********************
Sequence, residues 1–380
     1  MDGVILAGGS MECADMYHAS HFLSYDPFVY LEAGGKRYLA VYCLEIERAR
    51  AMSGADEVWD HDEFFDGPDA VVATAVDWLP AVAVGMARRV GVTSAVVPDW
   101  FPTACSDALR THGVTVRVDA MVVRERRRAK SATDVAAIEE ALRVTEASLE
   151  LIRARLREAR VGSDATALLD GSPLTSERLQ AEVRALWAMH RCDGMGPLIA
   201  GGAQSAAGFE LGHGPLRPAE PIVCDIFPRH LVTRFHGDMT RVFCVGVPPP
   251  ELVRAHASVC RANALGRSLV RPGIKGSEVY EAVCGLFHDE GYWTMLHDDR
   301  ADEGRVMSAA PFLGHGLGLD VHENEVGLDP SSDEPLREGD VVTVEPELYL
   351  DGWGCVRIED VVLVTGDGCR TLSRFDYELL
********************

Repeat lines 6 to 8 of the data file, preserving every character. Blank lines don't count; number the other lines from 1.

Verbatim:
   201  GGAQSAAGFE LGHGPLRPAE PIVCDIFPRH LVTRFHGDMT RVFCVGVPPP
   251  ELVRAHASVC RANALGRSLV RPGIKGSEVY EAVCGLFHDE GYWTMLHDDR
   301  ADEGRVMSAA PFLGHGLGLD VHENEVGLDP SSDEPLREGD VVTVEPELYL